Of course, if a girl from a non-Jewish family decides she wants to join the Jewish people, well, what's stopping her? But we don't push that sort of thing, because, first of all, we're not out to push our thing on others. You can be a righteous non-Jew and be loved by G‑d, so why should we push you down a path you weren't born into? You may well resent it later on -- as often happens -- and that doesn't make for a good marriage. And, secondly, some people become Jewish just for the sake of marriage, and then once they're married, the whole thing is dropped. Which means we have to be a little scrutinous about accepting converts, to be sure they're doing this because they truly want to.

I hope this explains things a little for you. If you still can't swallow it, please write me back.

I wish you all the wonderful things your life has in store, not one should go missing.


Rabbi Tzvi Freeman, a senior editor at Chabad.org, also heads our Ask The Rabbi team. He is the author of Bringing Heaven Down to Earth. To subscribe to regular updates of Rabbi Freeman's writing, visit Freeman Files subscription. FaceBook @RabbiTzviFreeman Periscope @Tzvi_Freeman .
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Discussion (721)
November 29, 2016
Education in response to Shoshana
Shoshana, I am sorry that you are upset by people wanting to know "what or why" Jewish people do things. I stumbled across this conversation while reviewing some student papers about death and dying in cultures other than their own backgrounds. It is a class assignment to help nursing students learn about other cultures and how best to provide care for people of other cultures. I found this site when I was attempting to verify some of the information in student papers.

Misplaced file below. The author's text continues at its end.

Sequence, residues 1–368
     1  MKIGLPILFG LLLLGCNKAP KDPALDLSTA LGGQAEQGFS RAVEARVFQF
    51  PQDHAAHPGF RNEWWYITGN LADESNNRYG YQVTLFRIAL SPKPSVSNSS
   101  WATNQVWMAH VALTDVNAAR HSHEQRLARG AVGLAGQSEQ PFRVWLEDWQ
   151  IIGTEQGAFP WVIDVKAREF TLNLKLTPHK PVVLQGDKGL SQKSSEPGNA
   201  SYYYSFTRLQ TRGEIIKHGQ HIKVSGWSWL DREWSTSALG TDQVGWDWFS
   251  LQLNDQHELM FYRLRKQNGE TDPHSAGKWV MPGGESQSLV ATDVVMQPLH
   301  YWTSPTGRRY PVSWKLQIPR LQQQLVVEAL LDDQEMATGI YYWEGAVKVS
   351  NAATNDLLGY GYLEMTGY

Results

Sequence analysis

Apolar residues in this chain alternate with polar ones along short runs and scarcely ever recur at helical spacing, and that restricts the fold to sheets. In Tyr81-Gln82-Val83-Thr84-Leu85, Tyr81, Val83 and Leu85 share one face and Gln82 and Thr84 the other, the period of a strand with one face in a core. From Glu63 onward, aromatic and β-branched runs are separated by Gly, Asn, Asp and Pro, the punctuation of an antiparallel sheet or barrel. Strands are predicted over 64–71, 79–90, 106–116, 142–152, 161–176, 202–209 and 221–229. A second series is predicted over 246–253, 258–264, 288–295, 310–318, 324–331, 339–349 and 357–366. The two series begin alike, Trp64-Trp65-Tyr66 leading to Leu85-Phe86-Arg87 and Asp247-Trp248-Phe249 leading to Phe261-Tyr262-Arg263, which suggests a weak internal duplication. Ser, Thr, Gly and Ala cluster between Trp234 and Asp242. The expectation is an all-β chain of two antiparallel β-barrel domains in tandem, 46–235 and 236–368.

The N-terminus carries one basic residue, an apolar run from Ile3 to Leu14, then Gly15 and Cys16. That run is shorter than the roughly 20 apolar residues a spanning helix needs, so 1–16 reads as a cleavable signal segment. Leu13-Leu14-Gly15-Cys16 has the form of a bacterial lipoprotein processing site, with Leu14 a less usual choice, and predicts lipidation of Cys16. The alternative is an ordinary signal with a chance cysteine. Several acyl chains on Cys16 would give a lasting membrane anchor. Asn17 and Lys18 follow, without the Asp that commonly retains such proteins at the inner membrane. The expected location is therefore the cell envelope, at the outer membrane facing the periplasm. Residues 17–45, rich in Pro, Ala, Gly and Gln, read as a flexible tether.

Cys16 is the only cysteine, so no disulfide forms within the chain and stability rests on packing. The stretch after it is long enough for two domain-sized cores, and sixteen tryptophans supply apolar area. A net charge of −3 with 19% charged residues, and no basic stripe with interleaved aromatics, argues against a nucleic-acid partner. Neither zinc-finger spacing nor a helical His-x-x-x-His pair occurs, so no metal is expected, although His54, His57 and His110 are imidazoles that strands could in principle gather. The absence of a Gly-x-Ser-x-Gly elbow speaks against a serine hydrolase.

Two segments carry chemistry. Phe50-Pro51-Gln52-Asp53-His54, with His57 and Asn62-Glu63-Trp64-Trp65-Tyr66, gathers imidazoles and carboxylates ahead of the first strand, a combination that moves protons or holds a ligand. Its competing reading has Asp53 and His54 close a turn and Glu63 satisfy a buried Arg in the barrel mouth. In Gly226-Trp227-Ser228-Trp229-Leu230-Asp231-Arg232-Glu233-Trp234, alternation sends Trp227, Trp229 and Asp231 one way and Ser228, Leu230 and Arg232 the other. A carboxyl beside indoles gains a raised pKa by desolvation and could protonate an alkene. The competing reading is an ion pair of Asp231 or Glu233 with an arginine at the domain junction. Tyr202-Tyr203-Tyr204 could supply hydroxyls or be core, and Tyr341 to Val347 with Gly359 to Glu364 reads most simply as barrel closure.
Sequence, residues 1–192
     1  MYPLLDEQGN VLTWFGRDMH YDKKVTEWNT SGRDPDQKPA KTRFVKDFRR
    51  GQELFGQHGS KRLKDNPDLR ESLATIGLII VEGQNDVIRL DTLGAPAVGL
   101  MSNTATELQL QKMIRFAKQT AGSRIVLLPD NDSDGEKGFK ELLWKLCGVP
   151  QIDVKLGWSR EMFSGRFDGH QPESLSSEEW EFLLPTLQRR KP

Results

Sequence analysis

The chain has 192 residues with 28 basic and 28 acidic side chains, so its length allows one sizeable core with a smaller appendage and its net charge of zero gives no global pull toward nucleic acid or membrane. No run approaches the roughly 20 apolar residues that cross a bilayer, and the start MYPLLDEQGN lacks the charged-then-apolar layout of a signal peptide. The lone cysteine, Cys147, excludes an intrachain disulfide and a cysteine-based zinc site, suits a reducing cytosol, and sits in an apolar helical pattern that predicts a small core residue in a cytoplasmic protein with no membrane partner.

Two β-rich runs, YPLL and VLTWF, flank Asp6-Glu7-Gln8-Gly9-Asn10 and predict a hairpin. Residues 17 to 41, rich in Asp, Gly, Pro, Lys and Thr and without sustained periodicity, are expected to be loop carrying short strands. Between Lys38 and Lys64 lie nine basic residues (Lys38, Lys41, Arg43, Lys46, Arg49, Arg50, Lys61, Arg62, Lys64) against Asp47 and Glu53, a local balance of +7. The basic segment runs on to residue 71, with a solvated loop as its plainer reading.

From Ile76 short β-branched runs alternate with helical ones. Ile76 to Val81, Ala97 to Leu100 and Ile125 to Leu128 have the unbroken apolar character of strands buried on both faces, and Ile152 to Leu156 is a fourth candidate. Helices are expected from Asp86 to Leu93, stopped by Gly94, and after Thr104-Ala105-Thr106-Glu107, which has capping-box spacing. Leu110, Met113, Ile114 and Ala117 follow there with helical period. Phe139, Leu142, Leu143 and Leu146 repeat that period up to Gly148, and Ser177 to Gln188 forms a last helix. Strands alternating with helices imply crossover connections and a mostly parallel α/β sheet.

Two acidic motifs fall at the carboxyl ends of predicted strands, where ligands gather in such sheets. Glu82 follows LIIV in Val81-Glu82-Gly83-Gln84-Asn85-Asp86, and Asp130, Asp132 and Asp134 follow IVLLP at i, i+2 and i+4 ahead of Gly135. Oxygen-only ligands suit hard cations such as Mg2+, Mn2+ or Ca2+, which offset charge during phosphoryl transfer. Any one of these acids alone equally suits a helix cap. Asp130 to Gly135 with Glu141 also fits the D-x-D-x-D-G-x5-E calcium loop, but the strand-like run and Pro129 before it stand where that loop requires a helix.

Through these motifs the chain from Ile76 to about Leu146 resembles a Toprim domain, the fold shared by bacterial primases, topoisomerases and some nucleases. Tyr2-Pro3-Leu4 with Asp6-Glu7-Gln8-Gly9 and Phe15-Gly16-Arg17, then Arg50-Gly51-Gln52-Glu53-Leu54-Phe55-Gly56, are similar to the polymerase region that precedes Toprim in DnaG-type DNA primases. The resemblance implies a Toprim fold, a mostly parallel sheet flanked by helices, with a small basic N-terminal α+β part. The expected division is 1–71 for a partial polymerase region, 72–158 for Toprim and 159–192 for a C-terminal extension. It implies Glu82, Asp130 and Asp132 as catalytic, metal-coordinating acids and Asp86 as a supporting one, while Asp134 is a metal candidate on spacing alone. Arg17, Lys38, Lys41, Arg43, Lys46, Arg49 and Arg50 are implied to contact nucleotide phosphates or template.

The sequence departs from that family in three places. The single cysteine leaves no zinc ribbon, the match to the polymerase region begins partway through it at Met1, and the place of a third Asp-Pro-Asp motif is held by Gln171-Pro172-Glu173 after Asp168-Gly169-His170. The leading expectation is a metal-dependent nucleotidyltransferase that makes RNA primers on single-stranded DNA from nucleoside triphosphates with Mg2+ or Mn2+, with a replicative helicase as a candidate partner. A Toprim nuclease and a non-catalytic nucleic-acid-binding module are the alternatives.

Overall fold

Not everyone is questioning for the same reason. I thought that I would offer my reason, because you asked.
Lynn
PRESCOTT
November 26, 2016
Tzvi, you have always had an awesome way with words. Thank you.
sandy price
Phoenix
November 25, 2016
Yes, Shoshana, they have plenty of people they can marry. So what do they care
who we marry? Why do they insist that we all marry Non Jews so that all our children will be non Jews and there will be no more Jews?

And they say we are rejecting them? They are rejecting our very existence, demanding that we disappear.

Why? Are they a tiny minority who cannot find mates unless they marry Jews? Obviously they are the majority and they have plenty of fellow-Christians that they can happily marry without worrying about the attitudes of their in-laws.

Or,if they love us so much, let them join us and keep the covenant of Sinai with us.
Shmulie
Brooklyn
November 25, 2016
Why Jews....
Shoshana, the reason I think that non Jews, and some Jews as well, are troubled , is as a consequence for exactly what Judaism's teaches, and tries to live by. The Love of G-d, and the Golden Rule. Other Nations have never lived up to such a highly demanding obligation. Jews , in spite of all the Thousands of years , Of the best attempts of the ? Guilt ridden, have failed to destroy , furthers their guilt. It is un human for any group , for so long a period of time, under such extreme persecution , to not only survive , but thrive! And yet continue to share that love with the very antagonists that persecute ! As a Jew, I wish peace and love for the world! I don't believe Judaism demands or requires anything from other Nations! We are required , by The Covenant to be a beacon , a light! Not a force to push others to do anything! No other human philosophy seems to offer such a mission! I've read all the Philisophic, Theocratic, ethical, and political explanations! They are inadequate!
Howie
Ma
November 25, 2016
I'm still offended
Maybe you didn't read the entirety of every comment because Shoshanna was the one who referred to a gentile as a goy/im a couple of times.

You do not need be concerned about my bp. I have a very low bp, so the likelihood that this would raise my bp is very unlikely.

I think it is very obvious why Jews are still a minority after the religion has existed for so many years. It is very clear that you are not the most accepting group of people. Evident by the responses here and from personal experience. How can you grow your congregation if you're so unaccepting?